That means there's no way to do a query like "file type = audio/mp3" without either walking the filesystem or querying a separate index, which removes a lot of the benefits.


I think NTFS can index alternate data streams¹, but yeah, I agree no filesystems are on the level that BeFS was of easy querying and versatility.

¹ I am not sure about this, but https://msdn.microsoft.com/en-us/library/windows/desktop/aa3... seems to suggest it


I'm not sure either – it definitely did not in the past but I haven't needed to look into it for years. Things like WinFS were going to solve that the right way but since that never shipped I assume they were still relying on a bolt-on indexing service.


I loved BeOS. I bought and ran versions 4.5 and 5.0 Pro. I also owned a copy of Scot Hacker's BeOS Bible; which I read front to end. I visited the BeNews and BeOS Tips websites almost everyday.

As for BeFS itself, it was a pretty awesome FS. I remember I used to use a utility called MP3 Army Knife, which could copy MP3 metadata to BeFS attributes. I then used Marco Nelissen's SoundPlay (shareware which I bought) to play them; basically using Tracker or BeFS queries to generate playlists.

I miss that OS.


You've likely heard of this before but Haiku[0] is a modern open source continuation of BeOS, which is almost usable.

[0]: haiku-os.org


And the metadata support was instantaneous, without noticeable overhead or delays. I mean, your query windows would live update as you would expect them to. Despite faster machines, this doesn't feel as instant on Linux, OS X or Windows 7 (haven't used 8 or 10).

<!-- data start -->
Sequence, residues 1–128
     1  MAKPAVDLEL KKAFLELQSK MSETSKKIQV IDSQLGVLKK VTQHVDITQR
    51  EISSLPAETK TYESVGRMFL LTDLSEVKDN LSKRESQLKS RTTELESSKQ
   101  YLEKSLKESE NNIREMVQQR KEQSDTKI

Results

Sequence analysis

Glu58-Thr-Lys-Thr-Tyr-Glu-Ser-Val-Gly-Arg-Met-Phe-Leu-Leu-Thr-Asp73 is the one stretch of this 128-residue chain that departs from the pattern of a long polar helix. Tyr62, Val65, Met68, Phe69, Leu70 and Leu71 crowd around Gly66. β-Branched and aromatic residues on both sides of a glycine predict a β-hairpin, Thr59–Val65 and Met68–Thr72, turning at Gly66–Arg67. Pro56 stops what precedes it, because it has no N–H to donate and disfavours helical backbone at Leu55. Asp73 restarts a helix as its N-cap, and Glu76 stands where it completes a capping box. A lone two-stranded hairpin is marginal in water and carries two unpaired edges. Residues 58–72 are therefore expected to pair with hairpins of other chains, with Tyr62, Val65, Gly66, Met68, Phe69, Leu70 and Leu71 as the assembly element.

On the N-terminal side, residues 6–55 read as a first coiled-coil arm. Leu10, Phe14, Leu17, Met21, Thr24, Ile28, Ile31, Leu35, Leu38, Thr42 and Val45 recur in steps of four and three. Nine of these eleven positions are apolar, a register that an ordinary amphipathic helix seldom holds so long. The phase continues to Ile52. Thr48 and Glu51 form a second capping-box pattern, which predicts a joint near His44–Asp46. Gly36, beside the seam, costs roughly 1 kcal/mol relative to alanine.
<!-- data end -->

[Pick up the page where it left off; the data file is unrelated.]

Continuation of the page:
> And the metadata support was instantaneous, without noticeable overhead or delays

Seconding things: BeFS was staggeringly fast – doing a simple query in something like Outlook or Mail.app is still nowhere near the same class as either the standard BeOS mail client or PMMail, even with generations of hardware improvements. On an idle system with an SSD, a Spotlight or Windows Search / Cortana query isn't as responsive as a BeFS query was on my old Pentium 90 with 5200 RPM drives.

At least some part of that is due to the fact that BeOS had a very good scheduler – I remember being impressed one time when I was transferring a lot of video off of a camera[1] building Mozilla from source, and realized that it didn't make either web browsing or email less responsive.

1. this was DV over Firewire so it wasn't a hard-realtime task but the tape made it soft-ish, and the sound change was quite noticeable when the tape drive had to spin down to wait for the host PC, which happened under Windows but never BeOS.